Situated in the heart of the city, Barcelona Zoo is a lush 13 hectare facility featuring around 4000 animals from 400 different species. Beginning with a collection of animals donated by a wealthy banker in 1890, the zoo went public in 1893. The first director, Francis Darder, was somewhat progressive for that particular era in his ideas about animals in captivity, focusing on conservation and breeding animals in captivity long before those ideas became the norm for accredited zoos. Early on, he had the notion of returning some animals to the wild and the first efforts of that was returning 45,000 fish to their native range in Catalan rivers.
From opening until today, the Barcelona Zoo has gone under several transformations in an attempt to continue to improve the quality of living for its animals, despite its limits for expanding due to its location in an urban environment. Both in 1929 with the funds brought in by the World Expo being held in the city, and again in 1956 enclosures were restructured to reflect more of the natural environment of each individual species. In 1960, the zoo was the first to build a “dolphinarium” in Europe, and to this day is home to four bottlenose dolphin. Nika, Leia, Anak and Blau perform four shows daily. As the bottlenose dolphin populations in the region have dwindled to only three small family groups on the Catalan coast, the zoo is also involved with the European Endangered Species program (EEP) to breed captive bottlenose dolphin.
The Barcelona Zoo is most famous for “Snowflake”, the only albino gorilla to have ever been discovered. Snowflake arrived at the zoo in 1966 after being captured in the wild, and became a very popular ambassador for the zoo and the city. Although Snowflake passed away in 2003, he inspired an amazing and educational habitat and learning center at the zoo called “Espai Goril.les”. Home to a family of Western Lowland gorillas, the exhibit also features an exhibition on the life and history of Snowflake, information on how gorillas live and communicate, and the true dangers that they face in the wild that may ultimately lead to extinction. Snowflake’s worldwide popularity has helped raise awareness of the need for protection of his wild cousins, and this is definitely an exhibit for which to make a little extra time.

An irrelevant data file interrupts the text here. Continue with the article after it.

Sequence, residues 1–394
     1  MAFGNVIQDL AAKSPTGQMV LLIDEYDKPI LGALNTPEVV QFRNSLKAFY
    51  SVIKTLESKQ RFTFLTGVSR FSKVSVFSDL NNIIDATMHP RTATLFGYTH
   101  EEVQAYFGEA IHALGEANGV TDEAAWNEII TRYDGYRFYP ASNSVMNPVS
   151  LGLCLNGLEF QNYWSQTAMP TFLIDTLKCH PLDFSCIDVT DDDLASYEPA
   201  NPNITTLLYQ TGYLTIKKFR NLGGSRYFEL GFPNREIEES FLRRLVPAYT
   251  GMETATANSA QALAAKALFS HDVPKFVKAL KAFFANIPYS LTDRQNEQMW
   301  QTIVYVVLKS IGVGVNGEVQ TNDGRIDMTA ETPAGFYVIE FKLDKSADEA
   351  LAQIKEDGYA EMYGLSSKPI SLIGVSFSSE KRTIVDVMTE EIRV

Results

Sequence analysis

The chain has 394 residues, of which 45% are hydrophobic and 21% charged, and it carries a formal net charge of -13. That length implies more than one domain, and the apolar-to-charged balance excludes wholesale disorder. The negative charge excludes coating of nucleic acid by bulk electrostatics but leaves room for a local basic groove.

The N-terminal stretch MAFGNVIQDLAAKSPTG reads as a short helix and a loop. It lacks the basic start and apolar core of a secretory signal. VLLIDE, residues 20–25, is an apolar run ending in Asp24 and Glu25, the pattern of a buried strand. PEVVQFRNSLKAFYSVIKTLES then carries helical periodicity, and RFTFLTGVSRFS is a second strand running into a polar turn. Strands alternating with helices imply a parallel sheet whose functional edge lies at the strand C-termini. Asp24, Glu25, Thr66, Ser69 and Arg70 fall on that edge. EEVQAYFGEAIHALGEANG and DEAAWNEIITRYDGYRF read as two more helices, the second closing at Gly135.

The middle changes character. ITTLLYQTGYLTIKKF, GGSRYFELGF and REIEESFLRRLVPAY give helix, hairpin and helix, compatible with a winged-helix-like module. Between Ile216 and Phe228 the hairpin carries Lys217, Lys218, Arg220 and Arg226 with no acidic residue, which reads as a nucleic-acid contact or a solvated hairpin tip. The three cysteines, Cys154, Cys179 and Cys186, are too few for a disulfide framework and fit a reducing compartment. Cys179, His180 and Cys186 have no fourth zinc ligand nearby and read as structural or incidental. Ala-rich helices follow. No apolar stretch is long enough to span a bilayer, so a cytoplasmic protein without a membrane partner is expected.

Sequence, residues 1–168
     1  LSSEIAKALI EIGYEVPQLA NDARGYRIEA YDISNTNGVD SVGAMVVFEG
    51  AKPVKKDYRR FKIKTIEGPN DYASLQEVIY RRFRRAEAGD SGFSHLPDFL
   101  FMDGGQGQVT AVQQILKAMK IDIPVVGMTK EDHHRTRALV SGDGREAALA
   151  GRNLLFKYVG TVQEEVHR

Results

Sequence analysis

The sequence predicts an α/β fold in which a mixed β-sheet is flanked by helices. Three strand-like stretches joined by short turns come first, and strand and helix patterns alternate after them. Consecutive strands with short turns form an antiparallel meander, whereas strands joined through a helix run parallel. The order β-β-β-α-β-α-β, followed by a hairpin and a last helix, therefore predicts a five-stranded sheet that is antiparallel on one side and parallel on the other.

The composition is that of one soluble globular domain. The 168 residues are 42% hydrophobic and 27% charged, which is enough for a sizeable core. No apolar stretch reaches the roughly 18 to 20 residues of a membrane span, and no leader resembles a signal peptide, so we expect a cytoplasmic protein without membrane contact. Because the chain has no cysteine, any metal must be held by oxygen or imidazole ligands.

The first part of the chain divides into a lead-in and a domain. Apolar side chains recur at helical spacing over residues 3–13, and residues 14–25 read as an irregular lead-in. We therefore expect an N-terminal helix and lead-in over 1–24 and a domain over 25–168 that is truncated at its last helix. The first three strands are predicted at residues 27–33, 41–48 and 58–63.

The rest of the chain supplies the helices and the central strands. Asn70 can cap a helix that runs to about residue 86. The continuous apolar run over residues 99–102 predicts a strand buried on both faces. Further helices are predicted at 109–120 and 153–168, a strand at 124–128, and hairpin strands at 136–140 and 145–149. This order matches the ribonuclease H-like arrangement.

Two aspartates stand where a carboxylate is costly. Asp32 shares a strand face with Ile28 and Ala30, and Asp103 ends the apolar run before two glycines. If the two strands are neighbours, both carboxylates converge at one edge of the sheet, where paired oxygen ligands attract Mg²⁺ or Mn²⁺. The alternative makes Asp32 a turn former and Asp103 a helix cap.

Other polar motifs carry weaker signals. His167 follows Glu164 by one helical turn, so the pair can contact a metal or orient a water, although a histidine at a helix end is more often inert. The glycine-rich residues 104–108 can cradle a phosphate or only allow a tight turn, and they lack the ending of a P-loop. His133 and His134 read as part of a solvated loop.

There are many other great exhibits at the Barcelona Zoo, and they can be viewed on foot, or from a train that goes around the zoo or even hire an electric buggy to explore the sites. There are African Elephants, cheetahs, red kangaroos, and lions as well as very unique creatures like the striking Scimitar horned Oryx, an almost all white antelope that has been completely exterminated in its nature range. The horns of this animal are stunning, curving back in an arch and can be up to 4 feet long! Zoos that have had great success with breeding this animal are in the process of returning small breeding herds to its natural range in Tunisia and Senegal. Another attractive antelope species at the zoo involved in a similar reintroduction program is the smaller Addra Gazelle, and the Barcelona zoo is a key player in preservation of this beautiful white and red creature as well.
While the larger primates are always exciting to watch, the tiniest primates can be equally entertaining and can be found at the Titi Gallery. Seven different species of small monkey’s, including the fuzzy-headed cotton top Tamarin, the striking golden lion-maned tamarin and the pygmy marmoset. Other primates at the zoo not to miss are the Barbary Macaques monkeys. The Barcelona Zoo calls itself home to a family of these popular animals, but also helps run an offsite rescue for individual monkeys that were confiscated after being sold as pets on the black market. It is estimated that more than 300 macaques are sold in the region in the illegal pet trade each year, but at the zoo they live and play in a space created to reflect their natural environment and are great fun to watch.